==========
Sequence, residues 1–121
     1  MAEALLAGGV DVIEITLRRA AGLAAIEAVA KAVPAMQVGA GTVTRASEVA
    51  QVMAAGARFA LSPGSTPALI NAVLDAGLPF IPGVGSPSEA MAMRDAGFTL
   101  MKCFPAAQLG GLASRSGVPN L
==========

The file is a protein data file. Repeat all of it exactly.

Sequence, residues 1–121
     1  MAEALLAGGV DVIEITLRRA AGLAAIEAVA KAVPAMQVGA GTVTRASEVA
    51  QVMAAGARFA LSPGSTPALI NAVLDAGLPF IPGVGSPSEA MAMRDAGFTL
   101  MKCFPAAQLG GLASRSGVPN L